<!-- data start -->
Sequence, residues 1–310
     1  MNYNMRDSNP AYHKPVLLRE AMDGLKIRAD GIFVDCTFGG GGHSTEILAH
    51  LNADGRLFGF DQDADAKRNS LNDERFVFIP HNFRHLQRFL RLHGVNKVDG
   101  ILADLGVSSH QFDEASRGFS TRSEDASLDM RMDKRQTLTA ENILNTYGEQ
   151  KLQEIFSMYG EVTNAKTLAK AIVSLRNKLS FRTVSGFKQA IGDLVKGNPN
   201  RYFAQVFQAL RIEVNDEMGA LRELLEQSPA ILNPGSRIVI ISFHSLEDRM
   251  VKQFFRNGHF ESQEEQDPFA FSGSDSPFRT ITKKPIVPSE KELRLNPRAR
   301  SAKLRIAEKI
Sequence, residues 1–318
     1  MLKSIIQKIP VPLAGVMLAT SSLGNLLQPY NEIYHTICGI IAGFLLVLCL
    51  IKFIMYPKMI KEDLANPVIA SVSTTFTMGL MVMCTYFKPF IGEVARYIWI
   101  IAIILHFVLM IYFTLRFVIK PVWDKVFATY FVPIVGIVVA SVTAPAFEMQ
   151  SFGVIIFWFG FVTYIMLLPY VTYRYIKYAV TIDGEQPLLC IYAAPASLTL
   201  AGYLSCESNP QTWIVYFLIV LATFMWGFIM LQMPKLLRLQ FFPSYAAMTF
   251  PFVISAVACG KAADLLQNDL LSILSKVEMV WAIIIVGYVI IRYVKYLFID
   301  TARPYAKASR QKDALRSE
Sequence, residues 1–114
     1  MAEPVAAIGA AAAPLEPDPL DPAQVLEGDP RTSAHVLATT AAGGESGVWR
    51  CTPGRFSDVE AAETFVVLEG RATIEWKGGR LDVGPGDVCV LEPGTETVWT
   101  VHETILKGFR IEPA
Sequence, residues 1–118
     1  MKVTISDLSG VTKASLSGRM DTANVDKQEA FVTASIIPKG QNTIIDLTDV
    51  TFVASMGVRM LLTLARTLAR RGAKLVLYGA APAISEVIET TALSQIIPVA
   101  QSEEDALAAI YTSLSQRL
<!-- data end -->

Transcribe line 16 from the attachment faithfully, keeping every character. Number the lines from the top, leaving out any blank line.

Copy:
   301  TARPYAKASR QKDALRSE